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    India’s Copper Story Critically Dependent on the Quality of Scrap Processing

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    The International Copper Association India (ICA India) recently launched the Copper Stock and Flow Model that emphasizes the pivotal role of quality of scrap processing as 70% of copper is used for electrical applications, urging immediate action for improved responsible recycling practices. The model highlights the gap between global practises of refining scrap copper as compared to almost 100% remelting of scrap in India.

    As per the findings, almost 38% of India’s copper demand is met through scrap copper. In the fiscal year 2021, India generated almost 350 KT (kilo tonne) of end-of-life and process copper scrap, supplemented by the import of an additional 80 KT of copper scrap.

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    Most of the remelted copper is used in form for rods and billets concentrated in the electrical and electronics segment. The recycling process must focus on refining high-grade scrap and smelting & refining low-grade scrap to eliminate impurities. However, the share of secondary smelting and refining of scrap in India remains at a mere 1%, significantly trailing behind leading economies such as China (32%), the EU (30%) and Japan (16%).

    Presently, India primarily relies on direct melting of scrap, resulting in variable copper purity due to the use of diverse scrap types. Traditional methods are employed to reduce impurities, producing copper rods or billets which are non-compliant to the national standard. The Indian Copper Stock and Flow model indicated that a significant portion of direct melt copper scrap goes into semis production. This percentage is notably higher compared to key global economies, with Japan, the EU or China.

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    The direct remelting of copper in semis fabrication raises quality concerns, especially regarding tramp elements (elements that cannot be removed easily by direct remelting process) in conductor applications. ETP grade copper, with a required purity of 99.9% or more as per IS12444 standards, is crucial for all electrical installations.

    Mr. Shreegopal Kabra, MD & Group President, RR Global said, “Poor-quality wires and cables contribute to the high rate of building fires and electrocutions in India, leading to nearly 14 deaths daily. The widespread copper quality and insulation issues resulting from direct melting of scrap, particularly in wire and cable production, greatly affects the end users and market stakeholders. This situation calls for stricter regulations and quality control measures to uphold fire safety standards and ensure the reliability of copper products.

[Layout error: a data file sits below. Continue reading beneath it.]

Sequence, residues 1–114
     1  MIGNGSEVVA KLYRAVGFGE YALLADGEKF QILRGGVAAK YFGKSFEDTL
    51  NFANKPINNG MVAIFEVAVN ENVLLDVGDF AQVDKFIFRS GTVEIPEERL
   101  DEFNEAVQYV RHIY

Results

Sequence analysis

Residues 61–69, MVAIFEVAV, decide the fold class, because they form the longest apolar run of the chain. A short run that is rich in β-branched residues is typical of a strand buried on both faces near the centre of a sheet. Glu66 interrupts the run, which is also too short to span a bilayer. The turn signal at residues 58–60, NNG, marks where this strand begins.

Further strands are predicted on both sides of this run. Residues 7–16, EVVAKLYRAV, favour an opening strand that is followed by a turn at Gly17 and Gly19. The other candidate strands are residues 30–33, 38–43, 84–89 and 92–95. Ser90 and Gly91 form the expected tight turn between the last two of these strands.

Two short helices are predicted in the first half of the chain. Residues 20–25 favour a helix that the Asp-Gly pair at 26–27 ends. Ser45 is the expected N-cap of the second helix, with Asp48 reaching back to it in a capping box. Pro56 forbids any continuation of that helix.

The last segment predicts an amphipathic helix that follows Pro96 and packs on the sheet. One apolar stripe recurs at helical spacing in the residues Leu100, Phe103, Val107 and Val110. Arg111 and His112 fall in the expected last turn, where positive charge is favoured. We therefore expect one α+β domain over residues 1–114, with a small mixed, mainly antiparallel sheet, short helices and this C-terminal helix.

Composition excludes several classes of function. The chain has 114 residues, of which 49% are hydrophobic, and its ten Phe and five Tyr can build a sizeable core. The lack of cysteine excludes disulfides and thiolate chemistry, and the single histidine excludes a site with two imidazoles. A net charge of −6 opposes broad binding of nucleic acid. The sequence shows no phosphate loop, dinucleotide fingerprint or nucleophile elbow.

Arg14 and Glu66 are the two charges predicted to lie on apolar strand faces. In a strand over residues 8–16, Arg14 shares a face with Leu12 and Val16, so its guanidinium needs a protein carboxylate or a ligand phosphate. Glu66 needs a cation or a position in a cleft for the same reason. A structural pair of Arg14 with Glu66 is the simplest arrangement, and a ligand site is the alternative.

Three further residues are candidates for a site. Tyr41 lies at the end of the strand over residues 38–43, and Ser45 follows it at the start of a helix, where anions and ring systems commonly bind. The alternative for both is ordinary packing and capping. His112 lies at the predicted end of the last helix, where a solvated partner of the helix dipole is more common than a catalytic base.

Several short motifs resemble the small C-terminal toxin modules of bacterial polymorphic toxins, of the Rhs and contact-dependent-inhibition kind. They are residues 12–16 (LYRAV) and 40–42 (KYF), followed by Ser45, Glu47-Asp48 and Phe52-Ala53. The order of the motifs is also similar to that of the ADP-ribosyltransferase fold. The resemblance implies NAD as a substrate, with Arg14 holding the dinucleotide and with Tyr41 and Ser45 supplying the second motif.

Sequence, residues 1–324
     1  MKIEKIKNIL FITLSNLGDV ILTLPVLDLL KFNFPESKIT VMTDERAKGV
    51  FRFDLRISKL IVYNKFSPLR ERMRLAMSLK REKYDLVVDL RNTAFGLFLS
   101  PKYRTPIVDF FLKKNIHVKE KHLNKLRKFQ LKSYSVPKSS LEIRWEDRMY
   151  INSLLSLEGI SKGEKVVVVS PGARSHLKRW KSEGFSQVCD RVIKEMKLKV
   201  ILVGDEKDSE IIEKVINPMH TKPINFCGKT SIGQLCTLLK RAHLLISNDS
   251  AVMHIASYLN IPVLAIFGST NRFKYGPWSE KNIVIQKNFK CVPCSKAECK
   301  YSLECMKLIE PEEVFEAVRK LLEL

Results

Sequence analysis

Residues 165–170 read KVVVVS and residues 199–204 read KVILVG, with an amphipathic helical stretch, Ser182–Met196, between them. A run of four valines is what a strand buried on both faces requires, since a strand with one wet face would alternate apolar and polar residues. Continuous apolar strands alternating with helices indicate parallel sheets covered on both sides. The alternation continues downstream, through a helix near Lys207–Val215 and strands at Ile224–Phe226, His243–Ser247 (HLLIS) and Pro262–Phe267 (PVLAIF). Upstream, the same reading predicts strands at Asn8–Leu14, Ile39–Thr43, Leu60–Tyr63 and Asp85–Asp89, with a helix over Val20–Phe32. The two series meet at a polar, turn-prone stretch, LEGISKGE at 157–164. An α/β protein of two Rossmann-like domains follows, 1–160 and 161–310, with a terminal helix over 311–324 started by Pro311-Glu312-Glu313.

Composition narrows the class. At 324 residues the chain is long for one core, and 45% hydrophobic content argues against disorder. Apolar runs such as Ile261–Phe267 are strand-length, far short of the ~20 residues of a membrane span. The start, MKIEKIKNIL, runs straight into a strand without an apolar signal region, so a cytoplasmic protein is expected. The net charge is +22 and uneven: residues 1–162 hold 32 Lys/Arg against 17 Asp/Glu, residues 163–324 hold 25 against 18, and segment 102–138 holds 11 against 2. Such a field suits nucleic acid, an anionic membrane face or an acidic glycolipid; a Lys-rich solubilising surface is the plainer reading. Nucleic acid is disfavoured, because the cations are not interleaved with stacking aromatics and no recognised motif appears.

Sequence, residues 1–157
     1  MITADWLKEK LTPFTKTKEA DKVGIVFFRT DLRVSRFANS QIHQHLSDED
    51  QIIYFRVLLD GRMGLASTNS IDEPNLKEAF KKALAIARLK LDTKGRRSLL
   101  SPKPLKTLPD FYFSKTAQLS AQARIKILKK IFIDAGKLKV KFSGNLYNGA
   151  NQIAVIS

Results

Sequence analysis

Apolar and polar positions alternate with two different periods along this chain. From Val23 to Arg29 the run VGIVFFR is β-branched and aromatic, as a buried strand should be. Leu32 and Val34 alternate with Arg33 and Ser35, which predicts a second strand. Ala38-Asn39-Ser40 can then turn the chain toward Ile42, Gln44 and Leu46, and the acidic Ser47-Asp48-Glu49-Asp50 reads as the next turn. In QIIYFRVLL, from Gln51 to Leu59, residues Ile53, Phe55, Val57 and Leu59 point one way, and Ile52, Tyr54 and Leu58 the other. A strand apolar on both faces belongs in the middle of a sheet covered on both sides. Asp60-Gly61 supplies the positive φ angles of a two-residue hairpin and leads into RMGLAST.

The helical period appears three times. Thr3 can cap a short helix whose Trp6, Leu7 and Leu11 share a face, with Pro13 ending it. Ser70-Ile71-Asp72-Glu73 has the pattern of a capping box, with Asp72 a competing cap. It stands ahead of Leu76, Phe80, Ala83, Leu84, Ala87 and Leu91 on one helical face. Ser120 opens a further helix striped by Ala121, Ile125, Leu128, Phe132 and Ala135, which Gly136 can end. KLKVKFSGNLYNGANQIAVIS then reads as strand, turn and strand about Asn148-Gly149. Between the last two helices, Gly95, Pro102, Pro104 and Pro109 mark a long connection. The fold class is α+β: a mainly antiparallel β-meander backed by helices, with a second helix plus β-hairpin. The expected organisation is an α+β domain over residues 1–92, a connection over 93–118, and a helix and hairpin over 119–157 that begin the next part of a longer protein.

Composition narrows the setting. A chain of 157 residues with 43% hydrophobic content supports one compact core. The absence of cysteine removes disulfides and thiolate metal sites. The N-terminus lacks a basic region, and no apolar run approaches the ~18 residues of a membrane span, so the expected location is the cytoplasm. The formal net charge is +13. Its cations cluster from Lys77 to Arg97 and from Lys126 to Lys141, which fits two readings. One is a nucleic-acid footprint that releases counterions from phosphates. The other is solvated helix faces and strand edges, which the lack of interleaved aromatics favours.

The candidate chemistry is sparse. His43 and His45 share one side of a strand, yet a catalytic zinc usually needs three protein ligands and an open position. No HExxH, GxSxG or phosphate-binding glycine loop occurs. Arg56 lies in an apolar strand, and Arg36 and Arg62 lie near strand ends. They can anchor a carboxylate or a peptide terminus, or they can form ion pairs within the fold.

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    ICA Indias study on building wire samples across India validated the issue of poor quality of scrap copper. The study highlighted that 26% of the samples failed the conductor test as prescribed by IS164. Notably, all failures were associated with products from local brands of non-listed companies, revealing a direct correlation to the sourcing of poor-quality copper rods.

    This alarming trend underscores the urgent need for investment in secondary smelting & refining of scrap processing in India to align the quality with ETP copper standards. India has done well to create an efficient collection rate of copper scrap, however, the processing of copper scrap needs a larger focus and a shift from direct remelting to real recycling is the need of the hour. The effective and stringent implementation of recently announced Quality Control Orders (QCO) for copper product will go a long way in ensuring the adoption of best practices in scrap processing and recycling, thereby improving the quality of scrap copper.

    Annexure:

    Data from ICA’s study on building wire samples across India

    Category 1 – NSE Listed Companies’ Brands; Category 2 – Regional Non-Listed Companie’s Brands, Category 3 – Local Non Listed Companies’ Brands

    Data from ICA’s Study

    About ICA India (International Copper Association):

    The International Copper Association India (ICA India) is a member of Copper Alliance and the Indian arm of the International Copper Association Limited (ICA), the leading not for profit organization for the promotion of copper worldwide set up in 1959. ICA has been operating since 1998 in India and has built an active association with the growing number of copper users through its programs. ICA India Programs are committed to improving the quality of life through better Electrical Safety, Energy Efficiency, Clean Energy and Sustainability. ICA India’s efforts have been pivotal to advancing better standards, across various products, applications, and industries, by leveraging upon the superior technical performance of copper.

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